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A oneway hashing algorithm is a deterministic algorithm that compresses an arbitrary long message into a value of specified length. The output value represents the fingerprint or digest of the message. A cryptographically useful property of a oneway hashing algorithm is that it is infeasible to find two distinct messages that have the same fingerprint. This paper proposes a oneway hashing algorithm called HAVAL. HAVAL compresses a message of arbitrary length into a fingerprint of 128, 160, 192, 224 or 256 bits. In addition, HAVAL has a parameter that controls the number of passes a message block (of 1024 bits) is processed. A message block can be processed in 3, 4 or 5 passes. By combining output length with pass, we can provide fifteen (15) choices for practical applications where different levels of security are required. The algorithm is very efficient and particularly suited for 32bit computers which predominate the current workstation market. Experiments show that HAVAL is 60%...
A composition theorem for universal oneway hash functions
 In Eurocrypt ’00
, 2000
"... Abstract. In this paper we present a new scheme for constructing universal oneway hash functions that hash arbitrarily long messages out of universal oneway hash functions that hash fixedlength messages. The new construction is extremely simple and is also very efficient, yielding shorter keys th ..."
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Cited by 45 (5 self)
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Abstract. In this paper we present a new scheme for constructing universal oneway hash functions that hash arbitrarily long messages out of universal oneway hash functions that hash fixedlength messages. The new construction is extremely simple and is also very efficient, yielding shorter keys than previously proposed composition constructions. 1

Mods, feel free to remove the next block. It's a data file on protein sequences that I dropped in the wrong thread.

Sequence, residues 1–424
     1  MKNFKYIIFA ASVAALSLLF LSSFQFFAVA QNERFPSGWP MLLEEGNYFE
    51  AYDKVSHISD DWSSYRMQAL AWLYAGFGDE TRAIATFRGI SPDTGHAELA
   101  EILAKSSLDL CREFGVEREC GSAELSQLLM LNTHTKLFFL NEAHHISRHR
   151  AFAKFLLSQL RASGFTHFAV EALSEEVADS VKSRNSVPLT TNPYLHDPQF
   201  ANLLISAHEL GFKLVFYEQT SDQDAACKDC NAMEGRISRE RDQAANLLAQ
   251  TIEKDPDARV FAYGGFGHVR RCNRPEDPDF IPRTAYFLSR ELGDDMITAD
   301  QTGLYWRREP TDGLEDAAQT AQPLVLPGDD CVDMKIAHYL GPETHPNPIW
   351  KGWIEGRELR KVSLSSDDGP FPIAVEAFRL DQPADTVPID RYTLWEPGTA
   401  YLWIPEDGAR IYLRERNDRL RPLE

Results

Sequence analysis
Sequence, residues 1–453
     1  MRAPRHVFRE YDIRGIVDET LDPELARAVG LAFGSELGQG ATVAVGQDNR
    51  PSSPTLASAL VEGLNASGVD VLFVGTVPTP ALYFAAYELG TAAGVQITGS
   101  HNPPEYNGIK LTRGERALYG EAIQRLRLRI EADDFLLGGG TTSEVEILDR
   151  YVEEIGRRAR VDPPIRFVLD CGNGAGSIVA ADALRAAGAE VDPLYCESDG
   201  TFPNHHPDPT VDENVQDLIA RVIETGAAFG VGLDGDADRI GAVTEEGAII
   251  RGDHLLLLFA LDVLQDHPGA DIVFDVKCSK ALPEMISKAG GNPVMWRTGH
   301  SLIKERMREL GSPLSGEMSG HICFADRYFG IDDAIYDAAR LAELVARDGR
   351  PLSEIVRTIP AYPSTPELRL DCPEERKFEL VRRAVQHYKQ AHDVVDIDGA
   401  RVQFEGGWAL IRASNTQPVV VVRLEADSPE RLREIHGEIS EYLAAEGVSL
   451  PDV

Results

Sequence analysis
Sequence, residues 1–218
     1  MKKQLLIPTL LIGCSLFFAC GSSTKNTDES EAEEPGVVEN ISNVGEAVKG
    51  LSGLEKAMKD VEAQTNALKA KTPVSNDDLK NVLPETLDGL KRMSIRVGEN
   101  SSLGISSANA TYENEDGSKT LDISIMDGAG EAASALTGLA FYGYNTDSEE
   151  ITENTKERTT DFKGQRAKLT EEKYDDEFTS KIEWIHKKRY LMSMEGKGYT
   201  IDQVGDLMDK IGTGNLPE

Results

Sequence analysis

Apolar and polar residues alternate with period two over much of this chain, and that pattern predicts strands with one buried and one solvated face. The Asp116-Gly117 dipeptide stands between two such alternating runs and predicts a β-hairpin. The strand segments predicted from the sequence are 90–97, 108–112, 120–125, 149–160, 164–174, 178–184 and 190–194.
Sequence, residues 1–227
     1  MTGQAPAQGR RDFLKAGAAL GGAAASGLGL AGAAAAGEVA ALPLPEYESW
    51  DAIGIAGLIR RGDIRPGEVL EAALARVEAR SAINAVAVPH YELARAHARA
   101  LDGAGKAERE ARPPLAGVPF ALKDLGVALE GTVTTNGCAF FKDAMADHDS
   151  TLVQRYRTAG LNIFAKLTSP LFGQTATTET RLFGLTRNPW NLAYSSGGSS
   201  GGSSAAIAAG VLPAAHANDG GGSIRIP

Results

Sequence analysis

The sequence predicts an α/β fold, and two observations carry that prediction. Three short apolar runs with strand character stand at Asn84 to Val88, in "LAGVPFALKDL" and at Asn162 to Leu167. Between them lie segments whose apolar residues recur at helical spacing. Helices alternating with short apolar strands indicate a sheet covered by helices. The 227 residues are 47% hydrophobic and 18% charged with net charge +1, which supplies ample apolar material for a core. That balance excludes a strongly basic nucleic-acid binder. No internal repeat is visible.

An Efficient Existentially Unforgeable Signature Scheme and its Applications
 Journal of Cryptology
, 1994
"... A signature scheme is existentially unforgeable if, given any polynomial (in the security parameter) number of pairs (m 1 ; S(m 1 )); (m 2 ; S(m 2 )); : : : (m k ; S(m k )) where S(m) denotes the signature on the message m, it is computationally infeasible to generate a pair (m k+1 ; S(m k+1 )) fo ..."
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Cited by 45 (5 self)
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A signature scheme is existentially unforgeable if, given any polynomial (in the security parameter) number of pairs (m 1 ; S(m 1 )); (m 2 ; S(m 2 )); : : : (m k ; S(m k )) where S(m) denotes the signature on the message m, it is computationally infeasible to generate a pair (m k+1 ; S(m k+1 )) for any message m k+1 = 2 fm 1 ; : : : m k g. We present an existentially unforgeable signature scheme that for a reasonable setting of parameters requires at most 6 times the amount of time needed to generate a signature using "plain" RSA (which is not existentially unforgeable). We point out applications where our scheme is desirable. Preliminary version appeared in Crypto'94 y IBM Research Division, Almaden Research Center, 650 Harry Road, San Jose, CA 95120. Research supported by a BSF Grant 32000321. Email: dwork@almaden.ibm.com. z Incumbent of the Morris and Rose Goldman Career Development Chair, Dept. of Applied Mathematics and Computer Science, Weizmann Institute of Science, Re...